The online dating industry is growing day by day, but there are some consequences that come with it.
A new study from “News Nation” states that girls who undergo difficult behaviours from an online dating partner – such as control, threats, pressure, monitoring or coercion using digital mediums – are more likely to have serious consequences than boys. The team of this particular study inspected the impact of gender on 703 US high school students’ occurrence of digital dating abuse behaviours.
Lead author of the study, as a Assistant Project Scientist at University of California-Santa Barbara stated that “Although digital dating abuse is potentially harmful for all youths, gender matters”. This statement backs up the findings that revealed that girls showed more frequent digital sexual victimisation.
Girls had been testified to being more distressed and having more negative emotional responses when confronted with certain behaviours like “pressured to sext” (sending a sexual or naked photo of them-self), sent a threatening message or looked at private information to check up without any permission given to scrutinise activities and locations.
Richard Tolman, Professor at the University of Michigan also stated that ““Boys often treat girls as sex objects, which contributes to the higher rate of digital sexual coercion, as boys may feel entitled to have sexual power over girls.”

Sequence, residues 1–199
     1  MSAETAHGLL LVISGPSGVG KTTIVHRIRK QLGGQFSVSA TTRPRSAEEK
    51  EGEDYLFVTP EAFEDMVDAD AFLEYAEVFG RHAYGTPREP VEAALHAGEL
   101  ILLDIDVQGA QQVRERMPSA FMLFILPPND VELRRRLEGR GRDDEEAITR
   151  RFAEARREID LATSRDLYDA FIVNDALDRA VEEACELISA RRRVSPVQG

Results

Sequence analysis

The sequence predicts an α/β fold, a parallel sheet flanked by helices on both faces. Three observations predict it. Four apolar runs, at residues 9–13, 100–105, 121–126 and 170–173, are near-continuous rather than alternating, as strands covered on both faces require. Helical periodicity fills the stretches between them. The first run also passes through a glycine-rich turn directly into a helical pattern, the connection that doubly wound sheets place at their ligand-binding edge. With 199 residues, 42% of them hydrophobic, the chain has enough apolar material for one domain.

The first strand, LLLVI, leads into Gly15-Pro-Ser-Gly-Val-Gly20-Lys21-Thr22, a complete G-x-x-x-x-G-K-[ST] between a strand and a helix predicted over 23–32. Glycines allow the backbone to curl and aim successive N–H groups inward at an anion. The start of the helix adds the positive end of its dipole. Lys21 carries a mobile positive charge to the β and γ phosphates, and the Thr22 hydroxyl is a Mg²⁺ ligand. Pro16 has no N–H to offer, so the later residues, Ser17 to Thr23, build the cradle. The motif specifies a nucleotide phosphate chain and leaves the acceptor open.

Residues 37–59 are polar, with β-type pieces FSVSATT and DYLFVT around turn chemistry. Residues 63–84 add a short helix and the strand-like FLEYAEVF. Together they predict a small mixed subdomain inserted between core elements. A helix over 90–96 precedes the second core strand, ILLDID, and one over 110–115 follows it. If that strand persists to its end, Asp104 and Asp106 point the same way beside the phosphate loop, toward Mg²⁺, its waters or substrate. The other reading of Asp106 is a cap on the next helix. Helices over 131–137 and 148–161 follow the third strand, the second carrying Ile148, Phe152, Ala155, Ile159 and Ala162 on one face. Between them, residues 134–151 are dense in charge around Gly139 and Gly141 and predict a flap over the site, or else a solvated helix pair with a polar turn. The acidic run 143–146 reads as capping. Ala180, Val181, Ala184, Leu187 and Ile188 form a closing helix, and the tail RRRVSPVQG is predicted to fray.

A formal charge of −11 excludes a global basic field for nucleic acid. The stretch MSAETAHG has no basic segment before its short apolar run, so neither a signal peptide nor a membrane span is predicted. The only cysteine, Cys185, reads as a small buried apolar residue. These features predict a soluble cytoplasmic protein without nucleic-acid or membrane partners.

Tolman added, “Girls, on the contrary, are required to prioritise relationships, which can steer to more jealousy and possessive behaviour. Thus, they may also tend to monitor boys’ activities.”
It was investigated as to whether girls and boys conveyed equal levels of digital control and monitoring, and digital direct violence and hostility. The results showed that both genders did have equal levels of control. Having said this, girls were found to react by blocking communication with their partner when faced with direct aggression, such as threats and rumour spreading. Whereas, boys did not have the same reaction.